ATLANTA — House Speaker David Ralston said he thinks the Georgia House will change a Senate bill that would repeal no-excuse absentee voting.
Ralston is among the Republicans broadly supporting election reforms introduced after unhappy supporters of former President Trump complained about the 2020 election. But Ralston is a powerful opponent of the effort to remove no-excuse absentee voting.
Absentee voting set records in Georgia in the last election, when Democrats won three statewide races. Any registered voter was eligible to vote absentee last year. The Republican-led legislature made that the law 16 years ago.
But a Senate bill passed Monday would require absentee voters to give a reason to vote absentee –
The absentee voter would have to be:
- age 65 or older;
- or have a disability;
- or give constant care to someone disabled;
- have an employment conflict;
- or be temporarily absent from home.
Ralston thinks that restricts absentee voting too much.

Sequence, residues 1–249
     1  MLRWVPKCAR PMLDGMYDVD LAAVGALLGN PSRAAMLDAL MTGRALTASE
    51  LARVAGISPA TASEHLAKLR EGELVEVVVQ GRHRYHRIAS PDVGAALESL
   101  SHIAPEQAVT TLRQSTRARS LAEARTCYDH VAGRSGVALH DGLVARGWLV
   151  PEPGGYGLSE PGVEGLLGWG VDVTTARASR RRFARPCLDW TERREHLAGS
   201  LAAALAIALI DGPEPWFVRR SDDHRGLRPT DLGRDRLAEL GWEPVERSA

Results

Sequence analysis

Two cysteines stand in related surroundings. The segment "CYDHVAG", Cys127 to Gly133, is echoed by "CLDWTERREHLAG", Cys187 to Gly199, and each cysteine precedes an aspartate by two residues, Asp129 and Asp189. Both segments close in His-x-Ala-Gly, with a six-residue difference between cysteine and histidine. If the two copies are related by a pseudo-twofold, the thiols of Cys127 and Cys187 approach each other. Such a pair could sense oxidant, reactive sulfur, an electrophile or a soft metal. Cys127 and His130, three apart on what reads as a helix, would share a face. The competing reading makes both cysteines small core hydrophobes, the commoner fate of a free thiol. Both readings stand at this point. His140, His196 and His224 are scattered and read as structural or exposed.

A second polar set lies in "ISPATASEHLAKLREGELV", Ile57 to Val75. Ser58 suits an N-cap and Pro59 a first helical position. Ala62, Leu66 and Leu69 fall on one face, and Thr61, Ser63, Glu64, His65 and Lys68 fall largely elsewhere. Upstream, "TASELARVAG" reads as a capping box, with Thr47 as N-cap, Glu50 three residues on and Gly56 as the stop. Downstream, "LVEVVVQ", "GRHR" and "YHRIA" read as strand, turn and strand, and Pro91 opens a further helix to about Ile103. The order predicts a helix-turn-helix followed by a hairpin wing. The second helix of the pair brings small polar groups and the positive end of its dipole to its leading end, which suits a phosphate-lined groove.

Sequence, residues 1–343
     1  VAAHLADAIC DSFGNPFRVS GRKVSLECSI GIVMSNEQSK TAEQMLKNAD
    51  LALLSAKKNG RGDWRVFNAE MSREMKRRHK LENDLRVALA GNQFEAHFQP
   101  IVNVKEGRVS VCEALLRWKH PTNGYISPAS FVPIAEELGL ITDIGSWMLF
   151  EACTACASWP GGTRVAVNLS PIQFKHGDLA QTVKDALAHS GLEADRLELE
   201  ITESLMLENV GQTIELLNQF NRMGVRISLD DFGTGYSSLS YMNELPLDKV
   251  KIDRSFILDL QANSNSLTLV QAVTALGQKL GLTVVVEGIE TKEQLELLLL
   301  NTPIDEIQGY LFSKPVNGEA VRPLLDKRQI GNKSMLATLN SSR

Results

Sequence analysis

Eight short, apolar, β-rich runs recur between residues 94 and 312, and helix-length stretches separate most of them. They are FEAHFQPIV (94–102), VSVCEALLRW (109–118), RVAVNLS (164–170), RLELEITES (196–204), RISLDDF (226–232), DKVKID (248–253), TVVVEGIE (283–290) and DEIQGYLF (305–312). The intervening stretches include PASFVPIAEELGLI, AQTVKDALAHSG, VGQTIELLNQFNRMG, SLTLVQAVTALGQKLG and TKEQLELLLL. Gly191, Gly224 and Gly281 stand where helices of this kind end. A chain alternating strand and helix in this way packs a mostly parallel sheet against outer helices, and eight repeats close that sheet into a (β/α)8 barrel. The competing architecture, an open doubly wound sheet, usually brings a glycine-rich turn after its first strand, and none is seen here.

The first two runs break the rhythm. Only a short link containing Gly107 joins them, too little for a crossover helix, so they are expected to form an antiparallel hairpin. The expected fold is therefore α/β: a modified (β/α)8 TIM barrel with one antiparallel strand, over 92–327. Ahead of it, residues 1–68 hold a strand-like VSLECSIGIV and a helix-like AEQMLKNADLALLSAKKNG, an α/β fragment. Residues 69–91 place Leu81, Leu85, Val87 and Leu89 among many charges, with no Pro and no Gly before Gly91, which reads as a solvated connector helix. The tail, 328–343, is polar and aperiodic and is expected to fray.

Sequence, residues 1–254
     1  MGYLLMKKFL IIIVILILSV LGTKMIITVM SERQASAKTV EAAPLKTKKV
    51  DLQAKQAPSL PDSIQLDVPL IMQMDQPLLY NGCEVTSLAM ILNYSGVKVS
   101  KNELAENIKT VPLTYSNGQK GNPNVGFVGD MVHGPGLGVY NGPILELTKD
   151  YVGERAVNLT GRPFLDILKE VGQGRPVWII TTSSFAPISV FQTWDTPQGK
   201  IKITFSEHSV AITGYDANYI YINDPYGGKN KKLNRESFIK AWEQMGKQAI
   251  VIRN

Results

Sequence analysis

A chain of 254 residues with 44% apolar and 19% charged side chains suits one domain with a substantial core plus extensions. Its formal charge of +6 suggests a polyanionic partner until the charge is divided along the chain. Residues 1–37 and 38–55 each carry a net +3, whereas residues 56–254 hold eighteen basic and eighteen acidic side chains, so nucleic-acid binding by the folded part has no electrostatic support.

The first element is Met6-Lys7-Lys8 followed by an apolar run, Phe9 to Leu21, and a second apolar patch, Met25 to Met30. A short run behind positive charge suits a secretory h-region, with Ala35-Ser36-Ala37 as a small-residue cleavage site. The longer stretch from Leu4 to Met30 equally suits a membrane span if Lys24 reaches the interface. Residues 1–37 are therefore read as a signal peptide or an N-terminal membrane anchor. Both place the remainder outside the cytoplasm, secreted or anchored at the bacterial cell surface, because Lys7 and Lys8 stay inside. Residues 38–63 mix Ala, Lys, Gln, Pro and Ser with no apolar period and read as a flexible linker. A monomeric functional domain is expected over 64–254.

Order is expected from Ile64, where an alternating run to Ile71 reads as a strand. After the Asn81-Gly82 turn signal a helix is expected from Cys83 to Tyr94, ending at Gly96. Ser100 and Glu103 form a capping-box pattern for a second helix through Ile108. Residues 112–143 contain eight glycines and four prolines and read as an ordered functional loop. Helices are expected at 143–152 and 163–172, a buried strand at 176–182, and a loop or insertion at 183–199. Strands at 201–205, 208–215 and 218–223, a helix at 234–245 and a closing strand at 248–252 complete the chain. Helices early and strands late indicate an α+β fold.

"I don’t want to repeal no excuse absentee voting," Ralston told 11Alive. "I would anticipate there would be some changes made by the time it reaches the floor of the House."
The House speaker is the most powerful individual in the Georgia legislature. Nothing comes to the floor of the House for a vote unless the speaker wants it to happen. It will be Ralston’s decision whether to vote on the Senate bill that passed Monday that would repeal no-excuse absentee voting.
Asked if the section repealing no excuse absentee voting would be a "deal killer," Ralston answered: "It would be tough. I mean, it is true, that was passed by a Republican General Assembly in 2005. In the House at least, I’m not sure there’s an appetite to do that."
Ralston said he supports a "measured" approach to election reform, embodied by the GOP House bill that passed on a party line vote last week. That bill did not repeal no-excuse absentee voting.
Asked if he would "block" the Senate bill, Ralston declined to answer.
"I'd be giving away my secrets here," he said with a chuckle.
Ralston predicted the Republican election bills would end up in a conference committee – which meets in secret and agrees to changes that are then submitted to both the House and Senate. The speaker has the power to appoint members from the House.